Your views on the NSS: "about as scientifically useful as TripAdvisor"

The NSS does not give an accurate representation of student feeling, according to more than half of university staff responding to a straw poll.

August 13, 2014

According to a Times Higher Education survey of 50 higher education workers, carried out after the results of the 2014 National Student Survey were released yesterday, 56 per cent do not trust the findings of the annual barometer of student feeling.

The 2014 NSS results showed record levels of satisfaction for graduating students in the UK, with campus universities performing particularly well. However, this finding is at odds with many of the comments THE has received from university employees across the UK.

One lecturer at a university in the West of England described the NSS as “about as scientifically useful as TripAdvisor is for travellers”, referring to the review website on which holidaymakers post reviews of hotels and restaurants.

“The construction of the survey is too blunt to record the variables of individual student satisfaction,” the respondent said. “So many other factors can be at play but simplistic readings require less effort so are more attractive in the Key Performance Indicator culture.”

“The entire premise [of the NSS] is fundamentally flawed,” said another university employee, this time from a campus-based institution in southeast England. “Students are expected to rate their course effectively in comparison to every other course out there. Having only studied one university degree (in most cases), this is impossible.”

Another staff member, from a university in London, said they were “yet to meet a student who actually engages with the survey”, adding that “most just seem to complete it because they’re continuously poked and prodded until they do so”, rendering results meaningless.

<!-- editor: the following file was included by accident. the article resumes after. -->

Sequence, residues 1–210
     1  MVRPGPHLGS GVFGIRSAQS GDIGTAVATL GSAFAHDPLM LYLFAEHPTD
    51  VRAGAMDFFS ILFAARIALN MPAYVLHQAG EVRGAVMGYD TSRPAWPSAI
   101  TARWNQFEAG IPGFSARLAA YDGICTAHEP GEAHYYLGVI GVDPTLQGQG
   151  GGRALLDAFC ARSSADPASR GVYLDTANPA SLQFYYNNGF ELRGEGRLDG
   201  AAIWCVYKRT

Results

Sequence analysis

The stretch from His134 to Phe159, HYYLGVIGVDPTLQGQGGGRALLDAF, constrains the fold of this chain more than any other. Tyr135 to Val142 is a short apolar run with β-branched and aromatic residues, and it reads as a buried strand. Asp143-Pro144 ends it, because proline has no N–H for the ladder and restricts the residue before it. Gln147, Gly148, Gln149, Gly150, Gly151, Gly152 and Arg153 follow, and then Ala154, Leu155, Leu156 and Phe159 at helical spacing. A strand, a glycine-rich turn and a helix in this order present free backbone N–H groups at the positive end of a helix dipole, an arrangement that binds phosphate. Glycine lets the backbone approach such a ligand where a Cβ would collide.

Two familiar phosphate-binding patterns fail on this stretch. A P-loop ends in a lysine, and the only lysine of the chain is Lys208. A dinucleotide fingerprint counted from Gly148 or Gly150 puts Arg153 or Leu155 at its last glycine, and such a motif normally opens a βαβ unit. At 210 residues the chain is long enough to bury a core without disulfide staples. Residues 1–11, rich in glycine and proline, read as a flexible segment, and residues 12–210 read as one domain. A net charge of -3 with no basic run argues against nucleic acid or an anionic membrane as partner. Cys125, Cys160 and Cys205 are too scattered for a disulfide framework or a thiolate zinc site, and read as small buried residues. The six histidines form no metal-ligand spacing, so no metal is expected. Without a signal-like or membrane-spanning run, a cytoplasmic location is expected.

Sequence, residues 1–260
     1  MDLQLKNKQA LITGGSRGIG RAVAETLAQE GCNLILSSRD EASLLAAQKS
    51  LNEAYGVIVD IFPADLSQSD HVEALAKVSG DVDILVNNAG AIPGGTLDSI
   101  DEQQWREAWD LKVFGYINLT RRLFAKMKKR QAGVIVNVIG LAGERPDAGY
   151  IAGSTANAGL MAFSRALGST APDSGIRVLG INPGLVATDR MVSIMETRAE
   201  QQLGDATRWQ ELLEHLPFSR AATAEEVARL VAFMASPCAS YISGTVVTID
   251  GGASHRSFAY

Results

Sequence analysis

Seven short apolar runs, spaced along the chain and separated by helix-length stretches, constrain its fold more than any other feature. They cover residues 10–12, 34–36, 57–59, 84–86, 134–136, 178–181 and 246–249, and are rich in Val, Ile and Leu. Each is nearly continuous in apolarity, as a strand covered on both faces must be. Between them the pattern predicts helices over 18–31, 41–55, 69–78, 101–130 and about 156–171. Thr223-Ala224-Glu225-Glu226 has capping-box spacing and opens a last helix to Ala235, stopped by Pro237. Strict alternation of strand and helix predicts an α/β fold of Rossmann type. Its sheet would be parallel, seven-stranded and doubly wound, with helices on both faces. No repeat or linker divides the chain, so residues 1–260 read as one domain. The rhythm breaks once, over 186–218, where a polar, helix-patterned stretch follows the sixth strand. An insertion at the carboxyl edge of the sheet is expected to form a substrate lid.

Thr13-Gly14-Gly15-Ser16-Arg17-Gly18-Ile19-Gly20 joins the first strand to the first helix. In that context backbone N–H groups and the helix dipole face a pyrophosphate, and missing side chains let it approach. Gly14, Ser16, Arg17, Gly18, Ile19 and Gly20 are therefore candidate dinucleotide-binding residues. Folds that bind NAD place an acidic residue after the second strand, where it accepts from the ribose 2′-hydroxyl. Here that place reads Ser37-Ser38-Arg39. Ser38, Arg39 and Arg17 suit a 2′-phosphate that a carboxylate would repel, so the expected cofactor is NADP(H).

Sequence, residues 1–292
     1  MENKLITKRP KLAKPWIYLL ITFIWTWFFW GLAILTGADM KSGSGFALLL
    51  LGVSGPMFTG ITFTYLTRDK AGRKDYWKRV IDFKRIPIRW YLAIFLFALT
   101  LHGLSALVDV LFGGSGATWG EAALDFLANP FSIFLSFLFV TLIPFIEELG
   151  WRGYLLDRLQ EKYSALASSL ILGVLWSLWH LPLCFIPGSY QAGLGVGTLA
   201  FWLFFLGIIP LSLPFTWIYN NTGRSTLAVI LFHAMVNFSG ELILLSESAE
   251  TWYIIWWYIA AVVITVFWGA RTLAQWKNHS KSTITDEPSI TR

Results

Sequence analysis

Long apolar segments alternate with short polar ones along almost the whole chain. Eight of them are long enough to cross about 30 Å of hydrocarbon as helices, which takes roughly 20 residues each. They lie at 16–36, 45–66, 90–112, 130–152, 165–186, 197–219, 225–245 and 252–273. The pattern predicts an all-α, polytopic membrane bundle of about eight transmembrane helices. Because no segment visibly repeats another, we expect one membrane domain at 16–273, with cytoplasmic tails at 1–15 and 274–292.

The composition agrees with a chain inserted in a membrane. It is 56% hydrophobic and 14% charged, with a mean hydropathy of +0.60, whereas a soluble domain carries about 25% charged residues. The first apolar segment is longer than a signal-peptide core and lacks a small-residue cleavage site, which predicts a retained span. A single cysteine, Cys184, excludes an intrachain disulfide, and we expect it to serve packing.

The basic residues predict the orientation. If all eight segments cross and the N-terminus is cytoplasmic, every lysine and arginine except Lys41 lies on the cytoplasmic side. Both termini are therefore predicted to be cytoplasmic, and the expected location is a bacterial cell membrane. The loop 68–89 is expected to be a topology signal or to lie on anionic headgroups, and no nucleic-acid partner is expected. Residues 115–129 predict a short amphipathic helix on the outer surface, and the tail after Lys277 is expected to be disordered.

This theme was picked up by another university staff respondent, who branded the NSS “completely unfit for purpose” because “ students [are] harangued into completing it [and] small courses [are] excluded”, adding that because students complete it on a particular day, results are also affected by “student mood”.

Another pointed out that answers might be skewed because the survey is completed “at a stressful time”. They continued: “The questions can be misleading and students are forced in some cases to complete the questions. It would be more accurate to allow students to feedback in their own voice giving the universities rankings of their own.”

Others, however, were less cynical. One lecturer at a university in the East of England said the record-breaking results showed the “importance that staff and students place on good teaching and learning”, while a Russell Group university employee said the NSS had “helped us focus on how best to deliver teaching and support to students in a way that learns from best practice”.

Ten students also responded to our straw poll, with half saying they trusted the NSS results, and half saying they did not.

One, from an institution that ranked highly in the 2014 NSS results, said: “I’ve watched student satisfaction levels drop this year to lows that we couldn’t have imagined. Morale is bad and students are generally unsatisfied with the resources made available to them.”

However, a London-based student said that their university had “really started to listen to the students”, and was actively working to improve teaching.

chris.parr@tsleducation.com

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Reader's comments (1)

A few years ago I conducted a study on academic views towards the NSS. This surveyed over 300 staff in twelve institutions. I imagine many of the findings are still applicable today. http://etheses.whiterose.ac.uk/2424/

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